As the title says, would the GURPS system be a good choice for a non-magic campaign that has a tech level roughly equivalent to earth Europe's 19th century and a focus on roleplaying rather than fighting?
I am looking for something with well defined rulesets about guns and other firearms, how armors work against these, as well as how wounds inflicted by them would behave. I am looking for a non-level-based system as I don't plan on basing the campaign around encounters (as I would with a classic D&D campaign).
The aim of the campaign is (at least in the beginning) to give a few friends that have never in their life played a pen & paper roleplaying game some introduction to it with a focus on the roleplaying aspect.
For the first few sessions the campaign will have a military setting. The players will work their way through 'military academy'/'boot camp', being led through exercises such as hand-to-hand combat, firearm usage, as well as different skilltests (such as repairing a weapon or machine, playing cards against NPCs, etc..) – in order to give them a feeling for the different aspects of roleplaying games and how they play.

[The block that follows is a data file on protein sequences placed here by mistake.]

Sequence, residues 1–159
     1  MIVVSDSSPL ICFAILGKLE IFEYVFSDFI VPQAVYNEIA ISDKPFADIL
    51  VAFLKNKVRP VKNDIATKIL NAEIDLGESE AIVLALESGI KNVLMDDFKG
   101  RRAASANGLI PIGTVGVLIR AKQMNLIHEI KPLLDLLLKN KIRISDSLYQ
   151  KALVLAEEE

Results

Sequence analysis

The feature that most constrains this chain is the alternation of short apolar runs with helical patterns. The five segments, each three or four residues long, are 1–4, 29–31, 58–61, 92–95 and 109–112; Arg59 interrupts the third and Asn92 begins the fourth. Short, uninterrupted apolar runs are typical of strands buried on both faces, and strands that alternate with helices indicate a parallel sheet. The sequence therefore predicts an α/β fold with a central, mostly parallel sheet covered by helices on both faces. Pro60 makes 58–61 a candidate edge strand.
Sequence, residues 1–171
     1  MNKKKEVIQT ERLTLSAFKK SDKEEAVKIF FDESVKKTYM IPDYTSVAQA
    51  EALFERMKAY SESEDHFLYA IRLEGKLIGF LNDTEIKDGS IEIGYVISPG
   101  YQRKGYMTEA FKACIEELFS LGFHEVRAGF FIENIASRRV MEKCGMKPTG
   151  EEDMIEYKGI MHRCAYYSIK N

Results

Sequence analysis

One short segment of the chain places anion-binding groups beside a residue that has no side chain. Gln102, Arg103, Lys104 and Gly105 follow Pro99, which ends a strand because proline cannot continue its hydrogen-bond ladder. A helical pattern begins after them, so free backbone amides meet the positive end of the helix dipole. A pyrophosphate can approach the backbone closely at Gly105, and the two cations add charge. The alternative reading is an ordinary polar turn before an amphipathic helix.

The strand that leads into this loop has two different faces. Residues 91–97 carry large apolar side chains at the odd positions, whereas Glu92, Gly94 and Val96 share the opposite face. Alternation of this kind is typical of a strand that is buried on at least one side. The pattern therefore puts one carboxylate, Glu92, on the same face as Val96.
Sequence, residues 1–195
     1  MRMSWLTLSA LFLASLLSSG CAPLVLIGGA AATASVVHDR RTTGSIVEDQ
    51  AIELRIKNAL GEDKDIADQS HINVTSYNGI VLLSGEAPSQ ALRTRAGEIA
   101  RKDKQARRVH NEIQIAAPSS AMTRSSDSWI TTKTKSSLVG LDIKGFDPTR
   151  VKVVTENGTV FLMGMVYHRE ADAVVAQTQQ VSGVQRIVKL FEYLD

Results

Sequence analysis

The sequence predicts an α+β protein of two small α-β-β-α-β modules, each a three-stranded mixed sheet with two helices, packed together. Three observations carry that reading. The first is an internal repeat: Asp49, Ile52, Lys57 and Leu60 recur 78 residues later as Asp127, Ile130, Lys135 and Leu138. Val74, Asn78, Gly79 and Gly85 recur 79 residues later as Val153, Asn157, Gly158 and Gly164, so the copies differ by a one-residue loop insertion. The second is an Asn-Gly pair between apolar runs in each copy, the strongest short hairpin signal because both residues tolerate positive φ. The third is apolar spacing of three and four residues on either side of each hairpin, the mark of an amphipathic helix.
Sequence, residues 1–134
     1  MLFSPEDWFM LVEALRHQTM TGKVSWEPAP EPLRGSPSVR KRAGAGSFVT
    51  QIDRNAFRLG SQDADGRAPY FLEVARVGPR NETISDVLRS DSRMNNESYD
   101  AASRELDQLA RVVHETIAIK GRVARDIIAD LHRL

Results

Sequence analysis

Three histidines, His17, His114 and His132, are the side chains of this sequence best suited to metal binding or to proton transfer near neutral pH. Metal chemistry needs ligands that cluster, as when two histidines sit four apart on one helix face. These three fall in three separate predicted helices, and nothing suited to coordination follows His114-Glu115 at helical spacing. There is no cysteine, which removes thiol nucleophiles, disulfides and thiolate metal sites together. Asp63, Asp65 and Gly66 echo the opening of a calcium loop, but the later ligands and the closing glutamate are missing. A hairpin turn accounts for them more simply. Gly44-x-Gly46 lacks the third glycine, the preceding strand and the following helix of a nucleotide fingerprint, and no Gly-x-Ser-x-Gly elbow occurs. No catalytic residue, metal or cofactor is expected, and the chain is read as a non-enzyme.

The world in which it plays is an imagined world, based on the physical rules of earth and having a technological development closely aligned to earth's.
The campaign and portion of the world which it will play in will be most similar to 19th century Europe and the rest of the Western World.
The 'military academy' setting is chosen as such in order to provide a narrative/storyline similar to what they know from computer gaming.
The 'academy'/'bootcamp' theme is meant as a means to introduction (as its purpose is in real life) – if they happen to like what they find I plan to throw them into a theatre of war rather quick
GURPS is a pretty good ruleset for the kind of game you describe. It's got good rules for pretty much everything, and the pointscale that the system is built on works pretty well for a game where it's assumed that people will have guns.
I'll go through each of the requirements you list, and how well GURPS deals with it.
"roughly equivalent to earth Europe's 19th century"